So, IF the schools were to be armed and IF (for cost reasons primarily) teachers were trained by the police, you recommend that the guns be stored in a safe (assume school office or other secure location). OK, so IF there were an emergency requiring the use of these guns in the safe — doesn’t the logistics have the potential to add to the crisis? Take this scenario, the designated teacher is on a different floor or in another wing of the school when the emergency occurs and has to find his/her way to the safe to retrieve the gun. What happens to the children in his/her care while this occurs?

          Maybe at this stage of discussion, the logistics don’t matter. (I have been accused of worrying too much about the minutia of any given situation/issue.)

        2. Cops cost no more than teachers for the length of the work day.
          Nothing will convince me that it is appropriate to train/arm a teacher. And let me assure you, that would be considered an “Extra Duty Responsibility” — which means extra pay, extra time off etc. Let teachers teach. And again — I didn’t say it in a serious vein above, but I am serious — a “security fee” for students, or a tax by the township would seem the most appropriate. This is NOT a school matter to beef up security at their buildings. Whever the building is, that’s where the police come from.

          If you read the article, you will see the details he considers are to train teachers how to deal with the intrusion…he references the library at Columbine and how the damage might have been mitigated.

          The doors are already locked — unless someone wants in very badly….but again, this is like terrorism. If you live in fear, they win.

        3. I’m thinking of a quick access safe in two key locations around the school. Perhaps administrative office near main entrance and another likely entrance point. Quick access biometric release from he thumb print of approved/trained/qualified teacher(s).

          Could the shooting be occurring on the other side of the school? Sure. Same problem with an armed guard/cop at the other side of the school, but it is a much quicker response than a cop patrolling a mile or two away – or many miles away in rural areas that only have state police support.

          I just don’t get the major concern about a teacher as opposed to an armed guard/cop, but I respect other views – inclusive of no guns or cops in the school at all.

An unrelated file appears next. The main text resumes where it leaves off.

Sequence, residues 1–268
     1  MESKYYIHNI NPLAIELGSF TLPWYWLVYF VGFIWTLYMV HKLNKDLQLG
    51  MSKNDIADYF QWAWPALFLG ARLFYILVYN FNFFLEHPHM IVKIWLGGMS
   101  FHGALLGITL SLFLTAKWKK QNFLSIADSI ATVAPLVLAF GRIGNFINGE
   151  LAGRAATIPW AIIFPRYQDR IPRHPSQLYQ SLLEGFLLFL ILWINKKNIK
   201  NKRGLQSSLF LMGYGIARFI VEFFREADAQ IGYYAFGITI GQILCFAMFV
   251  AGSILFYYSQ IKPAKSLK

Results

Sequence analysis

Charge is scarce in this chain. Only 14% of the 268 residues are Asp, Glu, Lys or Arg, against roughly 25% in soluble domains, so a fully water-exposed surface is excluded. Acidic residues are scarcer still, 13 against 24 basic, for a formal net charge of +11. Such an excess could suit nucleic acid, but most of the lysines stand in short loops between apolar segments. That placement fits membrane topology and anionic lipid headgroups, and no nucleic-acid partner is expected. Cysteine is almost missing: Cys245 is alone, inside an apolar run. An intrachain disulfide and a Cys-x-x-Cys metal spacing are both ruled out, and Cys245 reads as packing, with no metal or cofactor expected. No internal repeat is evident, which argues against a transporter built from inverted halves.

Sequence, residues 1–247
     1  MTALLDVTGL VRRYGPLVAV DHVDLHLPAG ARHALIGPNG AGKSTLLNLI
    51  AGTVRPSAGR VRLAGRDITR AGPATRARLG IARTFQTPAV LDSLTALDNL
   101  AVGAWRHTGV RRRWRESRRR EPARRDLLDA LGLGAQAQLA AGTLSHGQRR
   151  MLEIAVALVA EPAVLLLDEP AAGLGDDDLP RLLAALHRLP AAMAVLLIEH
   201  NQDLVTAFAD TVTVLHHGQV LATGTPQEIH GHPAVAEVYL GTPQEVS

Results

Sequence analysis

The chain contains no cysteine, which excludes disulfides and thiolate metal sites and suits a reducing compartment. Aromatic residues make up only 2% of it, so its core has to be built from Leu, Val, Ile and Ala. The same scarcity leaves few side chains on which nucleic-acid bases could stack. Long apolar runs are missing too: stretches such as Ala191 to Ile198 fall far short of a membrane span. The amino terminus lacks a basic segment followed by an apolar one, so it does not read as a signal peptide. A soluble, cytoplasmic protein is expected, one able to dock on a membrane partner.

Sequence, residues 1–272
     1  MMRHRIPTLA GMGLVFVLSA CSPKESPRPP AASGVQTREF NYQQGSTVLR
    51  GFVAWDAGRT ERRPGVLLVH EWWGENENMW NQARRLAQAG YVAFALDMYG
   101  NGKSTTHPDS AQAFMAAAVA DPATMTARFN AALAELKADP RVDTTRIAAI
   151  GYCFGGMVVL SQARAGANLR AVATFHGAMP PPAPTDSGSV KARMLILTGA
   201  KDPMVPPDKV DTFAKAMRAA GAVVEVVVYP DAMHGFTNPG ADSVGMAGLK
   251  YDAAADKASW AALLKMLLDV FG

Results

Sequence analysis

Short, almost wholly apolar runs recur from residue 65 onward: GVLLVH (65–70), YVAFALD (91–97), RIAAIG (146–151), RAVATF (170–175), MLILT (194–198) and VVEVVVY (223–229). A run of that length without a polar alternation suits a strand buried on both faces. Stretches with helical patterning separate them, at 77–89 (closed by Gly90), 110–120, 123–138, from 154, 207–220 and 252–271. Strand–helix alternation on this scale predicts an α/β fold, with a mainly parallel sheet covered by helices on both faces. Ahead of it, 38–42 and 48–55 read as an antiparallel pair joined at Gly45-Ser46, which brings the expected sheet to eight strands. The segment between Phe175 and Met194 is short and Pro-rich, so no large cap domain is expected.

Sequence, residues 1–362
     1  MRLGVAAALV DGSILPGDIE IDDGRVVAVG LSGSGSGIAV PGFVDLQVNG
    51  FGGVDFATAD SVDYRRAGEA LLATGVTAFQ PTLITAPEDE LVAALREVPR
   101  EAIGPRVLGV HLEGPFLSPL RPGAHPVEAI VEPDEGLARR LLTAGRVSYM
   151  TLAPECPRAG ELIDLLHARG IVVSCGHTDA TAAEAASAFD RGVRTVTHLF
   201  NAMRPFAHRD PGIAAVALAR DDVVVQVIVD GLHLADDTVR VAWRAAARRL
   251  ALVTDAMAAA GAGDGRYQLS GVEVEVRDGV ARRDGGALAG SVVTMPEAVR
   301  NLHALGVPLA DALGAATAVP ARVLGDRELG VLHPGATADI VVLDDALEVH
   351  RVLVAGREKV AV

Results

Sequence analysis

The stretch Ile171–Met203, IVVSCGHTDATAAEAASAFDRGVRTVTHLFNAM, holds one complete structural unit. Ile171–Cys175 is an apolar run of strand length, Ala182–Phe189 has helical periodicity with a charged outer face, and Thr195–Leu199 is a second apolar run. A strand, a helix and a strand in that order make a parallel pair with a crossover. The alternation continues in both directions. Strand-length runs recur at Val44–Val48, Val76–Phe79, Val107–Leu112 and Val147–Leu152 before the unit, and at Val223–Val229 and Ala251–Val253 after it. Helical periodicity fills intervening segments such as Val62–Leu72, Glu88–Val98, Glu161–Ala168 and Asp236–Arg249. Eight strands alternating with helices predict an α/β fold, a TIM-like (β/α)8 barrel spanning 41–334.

Firearms proficient teacher(s) will do their jobs teaching and know the drill. They would be trained by the police on how to handle a shooter, but their day would go on teaching without even thinking about it unless shots are heard or the teacher is alerted via cell phone.

          Again, my reasons for doing it this way are three fold IF arms were to be kept in schools.

          Avoids the cost of a cop, does not provide a constant armed presence where accidents can happen, and does not provide for a gun toting environment which is not what I want in schools.

          I would have these teachers approved and trained by the police. If the police don’t feel any teachers are up to the task, and if the community still thought there was a need, hire a cop.

          Honestly, you don’t even have to do this in every school. If a school district announces it has the policy I am suggesting, but does not do it in all schools, a shooter does not know which school is armed or not.

          The mere possibility of an armed presence would do a lot to deter, in my view.

          These shooters may be deranged, but they appear to be quite intelligent and they plan these things so they maximize killing with a plan to immediately kill themselves or surrender when confronted with armed force.

          Sure, there may be a shootout, but when you read about all these school shootings, in most all cases they kill themselves or surrender when cops or (as has happened numerous times) armed citizens arrive on the scene.

          I’ve seen cops at the range. I have been no more impressed with them than any other citizens who shoot fairly often for practice or competition.

          Cops are regular citizens who pass background and psychological tests while being trained to use firearms.

          No reason anyone – like armed guards or teachers – can’t be trained in the same fashion (say over the summer for teachers) and be far more skilled with a firearm than these shooters. Not all teachers would be up for the task or would want to do it, but I have run across plenty of teachers who I think would have the proper temperament.

          A school principal and psychologist ran at the shooter in Newtown unarmed. I’d say that provides for the proper temperament to grab a gun out of a safe and approach the shooter and kill him.

          Again, that’s how I would do it IF the need for armed defense was called for in schools by any given community.

          At this point the need is debatable, but I’d certainly be beefing up all current protective measures while considering non-lethal means to aid in defense – you know, so nobody gets hurt.

          Which is the irony – we can’t have guns in a school because somebody might get hurt as a deranged killer mows down kids. That’s why I would use a safe. No guns to be misused or accidentally discharged in a safe, and if a deranged person is mowing kids down with an AR, I’m not so concerned about safety with a stray bullet from a teacher at that point.

          And yes, Grossman recommended armed cops in schools. And how doeshe make extra money on top of his job as a professor? By giving seminars to police forces on this. Of course he would recommend armed cops in schools. If he recommend armed guards who are not cops or teachers, his speaking fees may well dry up.